Despite the availability of new treatments, almost 46% of children and teenagers with juvenile idiopathic arthritis failed to achieve sustained remission without medication, a study that followed more than 400 of them for up to 18 years after diagnosis reports.
The study, “Long‐term outcomes in juvenile idiopathic arthritis: 18 years of follow‐up in the population‐based Nordic Juvenile Idiopathic Arthritis (JIA) cohort,” was published in Arthritis Care & Research.
Juvenile idiopathic arthritis (JIA) includes a group of chronic inflammatory conditions that affect the joints, causing swelling, stiffness, and pain in children and adolescents. While clinical remission on medication is an achievable goal for many patients, maintaining clinical remission after stopping treatment can be more challenging.
Over the last 20 years, multiple observational studies analyzed the safety and efficacy of biologic agents in groups of children and adolescents with JIA. However, all studies followed relatively small groups of patients for a short period of time (less than eight years).
A group of researchers from the Aarhus University Hospital in Norway and collaborators in other Scandinavian countries carried out a long-term, large population-based study of children and teenagers to characterize their disease progression, disease burden, and remission rates over 18 years.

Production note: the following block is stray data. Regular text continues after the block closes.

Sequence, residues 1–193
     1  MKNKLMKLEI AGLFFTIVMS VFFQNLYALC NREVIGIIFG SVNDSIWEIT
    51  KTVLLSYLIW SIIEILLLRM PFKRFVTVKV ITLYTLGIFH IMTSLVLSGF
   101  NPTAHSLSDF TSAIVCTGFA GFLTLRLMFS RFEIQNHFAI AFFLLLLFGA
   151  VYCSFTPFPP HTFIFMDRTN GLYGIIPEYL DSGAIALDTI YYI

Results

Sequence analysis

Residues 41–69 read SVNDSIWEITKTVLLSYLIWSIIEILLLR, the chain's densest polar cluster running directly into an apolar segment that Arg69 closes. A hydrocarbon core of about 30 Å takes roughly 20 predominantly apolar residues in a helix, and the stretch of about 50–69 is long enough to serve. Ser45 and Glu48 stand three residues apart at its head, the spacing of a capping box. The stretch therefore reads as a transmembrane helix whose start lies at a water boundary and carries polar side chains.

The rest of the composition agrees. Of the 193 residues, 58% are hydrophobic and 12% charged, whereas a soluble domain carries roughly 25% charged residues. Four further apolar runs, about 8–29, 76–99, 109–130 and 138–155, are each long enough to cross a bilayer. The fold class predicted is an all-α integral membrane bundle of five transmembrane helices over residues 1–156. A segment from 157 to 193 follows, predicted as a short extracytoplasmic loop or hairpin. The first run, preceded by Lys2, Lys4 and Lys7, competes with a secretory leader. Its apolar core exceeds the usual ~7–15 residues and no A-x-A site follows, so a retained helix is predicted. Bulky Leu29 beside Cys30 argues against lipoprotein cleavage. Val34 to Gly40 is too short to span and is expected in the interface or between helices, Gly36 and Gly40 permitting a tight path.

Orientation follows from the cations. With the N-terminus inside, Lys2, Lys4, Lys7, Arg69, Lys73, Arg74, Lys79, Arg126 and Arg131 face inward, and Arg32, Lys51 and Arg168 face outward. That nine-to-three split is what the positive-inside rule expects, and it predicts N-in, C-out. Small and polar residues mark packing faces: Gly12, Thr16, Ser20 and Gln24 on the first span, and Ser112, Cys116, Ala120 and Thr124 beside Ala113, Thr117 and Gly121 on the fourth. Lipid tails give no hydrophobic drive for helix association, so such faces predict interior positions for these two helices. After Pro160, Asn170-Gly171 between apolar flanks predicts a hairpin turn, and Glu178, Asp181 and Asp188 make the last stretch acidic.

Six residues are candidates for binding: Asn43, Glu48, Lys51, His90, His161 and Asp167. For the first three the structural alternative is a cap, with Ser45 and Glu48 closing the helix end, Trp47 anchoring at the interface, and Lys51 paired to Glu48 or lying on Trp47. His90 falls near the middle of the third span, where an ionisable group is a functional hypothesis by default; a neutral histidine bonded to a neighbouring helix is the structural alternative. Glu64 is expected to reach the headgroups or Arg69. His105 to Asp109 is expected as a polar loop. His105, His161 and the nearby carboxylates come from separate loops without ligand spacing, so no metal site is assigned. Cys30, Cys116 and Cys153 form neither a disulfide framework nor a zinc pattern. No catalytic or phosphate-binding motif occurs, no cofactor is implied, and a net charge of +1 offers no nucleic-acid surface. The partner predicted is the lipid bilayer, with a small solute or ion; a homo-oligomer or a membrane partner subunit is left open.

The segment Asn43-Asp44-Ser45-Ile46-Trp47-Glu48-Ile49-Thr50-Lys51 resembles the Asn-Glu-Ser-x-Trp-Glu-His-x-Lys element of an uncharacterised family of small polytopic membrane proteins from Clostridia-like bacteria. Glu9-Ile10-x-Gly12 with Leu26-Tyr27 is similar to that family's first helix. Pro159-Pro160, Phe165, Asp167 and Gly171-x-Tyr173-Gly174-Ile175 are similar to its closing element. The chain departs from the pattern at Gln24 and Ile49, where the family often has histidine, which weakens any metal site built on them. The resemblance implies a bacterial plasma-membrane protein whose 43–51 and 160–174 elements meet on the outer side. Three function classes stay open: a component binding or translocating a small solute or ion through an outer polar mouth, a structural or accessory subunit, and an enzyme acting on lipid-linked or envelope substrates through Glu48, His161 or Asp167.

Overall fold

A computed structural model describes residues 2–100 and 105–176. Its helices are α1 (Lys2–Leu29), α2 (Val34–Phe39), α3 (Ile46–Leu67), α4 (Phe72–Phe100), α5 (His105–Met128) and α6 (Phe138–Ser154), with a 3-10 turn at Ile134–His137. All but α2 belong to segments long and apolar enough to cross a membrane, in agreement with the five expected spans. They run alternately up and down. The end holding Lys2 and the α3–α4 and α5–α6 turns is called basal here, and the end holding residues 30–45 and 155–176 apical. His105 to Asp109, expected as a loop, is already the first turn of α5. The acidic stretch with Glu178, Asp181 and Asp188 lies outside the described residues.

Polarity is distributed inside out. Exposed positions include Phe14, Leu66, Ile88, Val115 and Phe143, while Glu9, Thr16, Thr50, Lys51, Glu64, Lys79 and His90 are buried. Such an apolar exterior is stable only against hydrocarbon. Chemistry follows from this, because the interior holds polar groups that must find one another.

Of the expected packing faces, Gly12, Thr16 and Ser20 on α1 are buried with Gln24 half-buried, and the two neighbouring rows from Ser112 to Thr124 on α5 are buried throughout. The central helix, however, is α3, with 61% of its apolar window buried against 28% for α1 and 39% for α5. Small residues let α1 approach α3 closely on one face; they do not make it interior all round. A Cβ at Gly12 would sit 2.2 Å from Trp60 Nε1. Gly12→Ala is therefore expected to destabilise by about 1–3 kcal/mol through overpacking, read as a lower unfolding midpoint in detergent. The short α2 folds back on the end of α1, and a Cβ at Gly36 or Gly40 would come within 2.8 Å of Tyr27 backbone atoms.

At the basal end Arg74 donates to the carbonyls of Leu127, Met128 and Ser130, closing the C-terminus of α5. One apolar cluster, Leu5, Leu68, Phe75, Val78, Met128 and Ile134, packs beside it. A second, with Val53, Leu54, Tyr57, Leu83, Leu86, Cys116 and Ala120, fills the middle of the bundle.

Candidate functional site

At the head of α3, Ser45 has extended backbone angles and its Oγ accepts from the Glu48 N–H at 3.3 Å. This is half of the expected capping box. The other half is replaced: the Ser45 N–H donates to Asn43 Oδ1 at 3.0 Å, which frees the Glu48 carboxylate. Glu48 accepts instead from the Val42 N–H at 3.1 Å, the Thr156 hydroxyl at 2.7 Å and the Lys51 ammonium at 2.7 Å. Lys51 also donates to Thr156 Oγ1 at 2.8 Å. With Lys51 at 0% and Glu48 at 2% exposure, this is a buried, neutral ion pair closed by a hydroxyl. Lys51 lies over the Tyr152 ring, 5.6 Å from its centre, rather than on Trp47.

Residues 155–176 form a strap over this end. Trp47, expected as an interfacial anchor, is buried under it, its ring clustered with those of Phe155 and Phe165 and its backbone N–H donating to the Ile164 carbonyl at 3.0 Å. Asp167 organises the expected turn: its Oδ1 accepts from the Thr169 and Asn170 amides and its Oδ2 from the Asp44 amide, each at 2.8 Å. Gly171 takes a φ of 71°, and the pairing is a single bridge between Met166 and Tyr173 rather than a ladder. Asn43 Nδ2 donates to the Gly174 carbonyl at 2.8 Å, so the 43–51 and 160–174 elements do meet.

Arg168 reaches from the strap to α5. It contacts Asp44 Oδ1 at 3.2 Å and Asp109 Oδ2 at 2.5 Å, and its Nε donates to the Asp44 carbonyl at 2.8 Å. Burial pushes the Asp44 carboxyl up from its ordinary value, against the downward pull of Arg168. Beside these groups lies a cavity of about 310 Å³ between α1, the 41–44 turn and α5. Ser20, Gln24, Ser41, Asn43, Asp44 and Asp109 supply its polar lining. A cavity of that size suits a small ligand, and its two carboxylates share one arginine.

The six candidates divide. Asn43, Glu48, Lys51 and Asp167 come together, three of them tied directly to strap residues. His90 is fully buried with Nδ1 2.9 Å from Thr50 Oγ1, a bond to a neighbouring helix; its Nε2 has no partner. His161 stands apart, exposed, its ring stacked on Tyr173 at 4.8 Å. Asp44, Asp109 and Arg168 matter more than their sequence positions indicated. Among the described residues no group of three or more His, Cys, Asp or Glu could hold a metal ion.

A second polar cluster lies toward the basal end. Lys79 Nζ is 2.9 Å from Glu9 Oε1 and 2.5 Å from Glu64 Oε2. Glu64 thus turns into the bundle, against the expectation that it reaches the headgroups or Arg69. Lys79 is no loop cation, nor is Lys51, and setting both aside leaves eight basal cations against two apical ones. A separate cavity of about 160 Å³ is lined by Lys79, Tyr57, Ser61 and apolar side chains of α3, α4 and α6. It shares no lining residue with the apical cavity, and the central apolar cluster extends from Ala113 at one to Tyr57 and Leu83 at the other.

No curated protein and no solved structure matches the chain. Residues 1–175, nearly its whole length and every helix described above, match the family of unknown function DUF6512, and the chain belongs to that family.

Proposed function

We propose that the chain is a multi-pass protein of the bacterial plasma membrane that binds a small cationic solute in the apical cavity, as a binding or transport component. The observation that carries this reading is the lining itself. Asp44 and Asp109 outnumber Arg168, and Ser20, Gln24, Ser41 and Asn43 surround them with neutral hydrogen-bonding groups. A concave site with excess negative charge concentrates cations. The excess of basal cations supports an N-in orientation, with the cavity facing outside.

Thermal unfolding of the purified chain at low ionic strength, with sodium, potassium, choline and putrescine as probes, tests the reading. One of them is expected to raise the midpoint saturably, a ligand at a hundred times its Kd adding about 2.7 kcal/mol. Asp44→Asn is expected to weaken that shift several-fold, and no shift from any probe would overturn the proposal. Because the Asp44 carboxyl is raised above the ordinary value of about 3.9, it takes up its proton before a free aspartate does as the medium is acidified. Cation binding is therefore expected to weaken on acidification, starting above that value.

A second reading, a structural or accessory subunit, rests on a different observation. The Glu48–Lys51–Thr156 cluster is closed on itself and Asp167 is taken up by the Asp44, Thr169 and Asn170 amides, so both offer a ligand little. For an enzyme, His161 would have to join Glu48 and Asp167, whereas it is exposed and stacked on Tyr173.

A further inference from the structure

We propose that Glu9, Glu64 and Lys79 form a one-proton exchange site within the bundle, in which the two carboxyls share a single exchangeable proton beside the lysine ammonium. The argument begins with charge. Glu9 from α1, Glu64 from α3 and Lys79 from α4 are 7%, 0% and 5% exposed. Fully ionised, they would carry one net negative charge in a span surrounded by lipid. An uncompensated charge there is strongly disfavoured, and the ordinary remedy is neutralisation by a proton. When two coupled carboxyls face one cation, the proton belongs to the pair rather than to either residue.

This population-based study involved a total of 510 patients living in Denmark, Norway, Sweden and Finland, who were diagnosed with JIA between 1997 and 2000. Patient-reported demographic and clinical information were gathered at follow-up visits. Disease activity was determined using the juvenile arthritis disease activity score (JADAS71), ranging from 0 to 101, where 1 is considered the cutoff value for inactive disease.
From the 510 JIA patients initially enrolled, 76 (15%) were lost to follow-up. The remaining 434 (85%) — 297 (68%) females and 137 (32%) males — with a mean age of 24 at the study’s end.
According to the JADAS71, the mean disease score in all patients was 1.5, with almost half of the patients (48%) below the cutoff value of 1 for inactive disease. The highest median JADAS71 score of 4.5 was in patients with enthesitis-related arthritis (ERA), a JIA subtype that affects the tendons (the ligaments that connect muscles to bones).
In total, 45.6% of the participants had active JIA at the final 18-year exam, across all disease categories, although those with ERA were the largest subgroup (64.9%) among people with active disease.
At the final follow-up, 29.5% of patients were still on medications, either synthetic disease‐modifying anti‐rheumatic drugs (DMARDs) or biologic agents, “indicating that there is still a high disease burden even 18 years after disease onset,” the researchers wrote.
Among patients who stopped taking medications, clinical remission was found in 32.8% and most frequently observed in those with either oligoarticular (54.2%) or systemic JIA (53.8%). Only 8.1% of enthesitis-related arthritis patients experienced clinical remission over the course of the study.
“In summary, this study found a substantial prevalence of ongoing active disease and a high burden of medication and damage in JIA even 18 years after disease onset. Notably, the ERA [enthesitis-related arthritis] category of JIA had the worst outcomes in terms of JADAS score, remission rate and medication use,” the researchers concluded.